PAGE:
Review: Iggy Pop, “Post-Pop Depression” (2016)

iggy-pop-josh-homme-post-pop-depression
Credit: Consequence of Sound

Josh Homme produces Iggy Pop’s latest existential, Queen-sy-esque outing, Post-Pop Depression.

In the opening track ‘Break into your Heart’ Iggy states his intentions: “I’m gonna break into your heart/I’m gonna crawl under your skin…And follow till I see where you begin.” The process of understanding another for him is the eventual “Walls come tumbling down”. The pretensions are gone. There’s no more resistance. This resolve starts an album that’s fighting through the pretension to existential reflection: deeper glimpses into the mind of old-school punkster, Iggy Pop.

I’ve never really been a huge fan of Iggy Pop. I owned the first Stooges album and loved the early punk vibes. It wasn’t until last year that I found out how involved David Bowie was in establishing some of the highest points of Pop’s career. They both spent a few years in Berlin, spending time with Brian Eno and writing seminal albums (Pop’s The Idiot and Lust for Life and Bowie’s ‘Berlin’ trilogy which included Heroes). This latest album with Queens of the Stone Age’s Josh Homme, Post-Pop Depression, follows the same collaborative trajectory – now we have a bit of Homme, a bit of Pop.

This album is very Queens. Apart from tracks such as Vulture and German Days, it’s ...Like Clockwork-era Queens plus Iggy. This is not a bad thing at all. It works. Songs like Gardenia has funky bass in the verses and a catchy chorus. The song discusses a woman, Gardenia, and her tattered lifestyle (with possible allusions to Billie Holiday).  

‘American Valhalla’ discusses one having done so many things in life and desiring for someone to point to a ‘heavenly’ place, and how to get there. (To note is that Valhalla is the mythological place where those that have died bravely in the heat of battle go). It’s an existential observation on the difficulties of life faced by the brave and heroic, that only just falls short of an Albert Camusean existential position; except that Pop’s hoping that perhaps there might be a place on the other side: “Where is American Valhalla?/Death is the pill that’s hard to swallow.” The conclusion in the end is not sacrifice or one’s deeds or possessions, but one’s name: “I’ve nothing but my name” – a mantra that Pop repeats at the end in his raspy voice.

‘Sunday’ picks things up again in a danceable beat which is easily the funnest song on the album. This song to me is the most interesting in relation to the desired reprieve that Sunday has for Pop as he sings:

“The key to everything, I crawl for Sunday
When I don’t have to move
Caught up in dreams untangled one day
Where I don’t have to prove
The days grow old and finally Sunday
A Sunday afternoon
I’ve got it all, and so what now?”

The Bible discusses Sunday as the Sabbath, allocated by God as a day of rest. Pop’s use of the Biblical image of Sunday is almost a cry for the day of reprieve as seen in ‘American Valhalla.’ A common perception of preachers is simply that they tell people what to do on Sundays. Pop playfully uses these images as describing the pressures of fame that drive him into the ground: “Do what they say/and do what they say/till Sunday/Until I’m black and blue/Oh, what can I do?” Unfortunately for Pop this is unresolved; there is no holy rest – “Got all I need and it is killing me and you” – A shared burden between Iggy and the listener.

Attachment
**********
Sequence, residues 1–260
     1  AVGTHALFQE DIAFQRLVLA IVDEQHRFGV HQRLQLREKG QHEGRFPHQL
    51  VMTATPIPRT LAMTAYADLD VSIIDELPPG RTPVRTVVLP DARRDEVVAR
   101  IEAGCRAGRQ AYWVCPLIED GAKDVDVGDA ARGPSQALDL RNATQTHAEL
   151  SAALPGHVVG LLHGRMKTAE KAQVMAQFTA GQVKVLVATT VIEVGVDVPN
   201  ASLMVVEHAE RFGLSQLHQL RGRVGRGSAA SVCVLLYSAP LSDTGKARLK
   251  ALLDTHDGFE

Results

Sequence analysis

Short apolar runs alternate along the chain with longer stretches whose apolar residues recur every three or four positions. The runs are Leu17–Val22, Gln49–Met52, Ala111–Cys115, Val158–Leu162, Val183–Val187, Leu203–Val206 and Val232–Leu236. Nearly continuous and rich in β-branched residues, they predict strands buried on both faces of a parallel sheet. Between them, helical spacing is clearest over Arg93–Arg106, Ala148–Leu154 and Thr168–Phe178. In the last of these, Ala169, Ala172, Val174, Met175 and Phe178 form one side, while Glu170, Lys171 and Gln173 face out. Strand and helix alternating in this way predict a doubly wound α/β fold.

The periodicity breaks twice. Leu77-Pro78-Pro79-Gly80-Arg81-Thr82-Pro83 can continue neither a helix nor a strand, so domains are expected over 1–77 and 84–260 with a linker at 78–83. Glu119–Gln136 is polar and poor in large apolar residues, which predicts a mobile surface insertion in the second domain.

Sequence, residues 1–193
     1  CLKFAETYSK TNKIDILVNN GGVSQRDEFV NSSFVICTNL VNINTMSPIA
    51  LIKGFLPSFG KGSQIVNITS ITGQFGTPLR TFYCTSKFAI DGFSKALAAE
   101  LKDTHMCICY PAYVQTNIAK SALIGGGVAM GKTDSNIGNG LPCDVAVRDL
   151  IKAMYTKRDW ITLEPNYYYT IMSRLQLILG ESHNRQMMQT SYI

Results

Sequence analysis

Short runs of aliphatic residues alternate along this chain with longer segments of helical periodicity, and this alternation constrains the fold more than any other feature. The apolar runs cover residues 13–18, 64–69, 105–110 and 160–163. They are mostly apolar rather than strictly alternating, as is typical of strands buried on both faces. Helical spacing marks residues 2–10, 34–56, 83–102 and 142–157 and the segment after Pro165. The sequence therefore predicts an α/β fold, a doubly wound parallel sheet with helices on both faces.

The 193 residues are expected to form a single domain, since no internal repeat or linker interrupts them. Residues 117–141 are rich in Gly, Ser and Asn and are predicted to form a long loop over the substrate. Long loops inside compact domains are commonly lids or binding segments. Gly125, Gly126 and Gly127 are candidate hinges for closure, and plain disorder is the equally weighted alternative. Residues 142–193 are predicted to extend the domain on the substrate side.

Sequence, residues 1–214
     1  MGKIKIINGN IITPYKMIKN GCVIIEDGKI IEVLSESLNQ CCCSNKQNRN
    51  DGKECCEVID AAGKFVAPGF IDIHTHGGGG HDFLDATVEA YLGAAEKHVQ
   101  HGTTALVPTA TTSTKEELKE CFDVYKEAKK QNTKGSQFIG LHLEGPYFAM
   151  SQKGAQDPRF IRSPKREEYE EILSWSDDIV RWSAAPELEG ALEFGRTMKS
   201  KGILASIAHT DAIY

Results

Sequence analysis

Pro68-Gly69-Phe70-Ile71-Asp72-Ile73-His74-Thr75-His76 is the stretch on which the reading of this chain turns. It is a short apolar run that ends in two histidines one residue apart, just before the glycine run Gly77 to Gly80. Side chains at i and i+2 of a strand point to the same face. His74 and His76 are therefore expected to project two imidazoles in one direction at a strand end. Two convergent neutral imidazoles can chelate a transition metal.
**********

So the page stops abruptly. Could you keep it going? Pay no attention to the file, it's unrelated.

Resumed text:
The final song, ‘Paraguay,’ summarises the existential movement of the album into one of romanticism – a fleeing from modern life and celebrity into the untouched country of Paraguay. The summary is in the a cappella moment of the start of the song: “Wild animals they do/Never wonder why/Just do what they goddamn do.” Animals aren’t caught up in existential crises, they just act. They’re not caught in the despair of the human condition. The spoken word section has Pop’s passionate criticism of modern life and people, and of being ruled by fear and overwhelmed by knowledge and technology. Paraguay is a place where he will retreat from these trappings to heal himself.

I brushed up on some of Pop’s Stooge era and 70s solo era while listening to this and noticed how his lyrics are often funny, sarcastic or just banal (just listen to how bored the (fun) song ‘Nightclubbing’ from The Idiot is). Post-Pop Depression is cynical, occasionally profound and regretful. It is depressing.

While listening to this I couldn’t but help how close Pop gets to being the Teacher from the book of Ecclesiastes. In the start of the spoken word section of ‘Paraguay,’ Pop exclaims: “There’s nothing awesome here/Not a damn thing/There’s nothing new/Just a bunch of people scared.” The Teacher of Ecclesiastes claims that there’s “nothing new under the sun.” All is futile in the end – a striving after the wind.

Pop’s reflections are realistic and raw, and hopefully in his old age (the guy is 68), he comes to see the true rest that can come from Sunday.

 

Richard Thomas

Review Medium: 180 Gram Vinyl Release 

 

 

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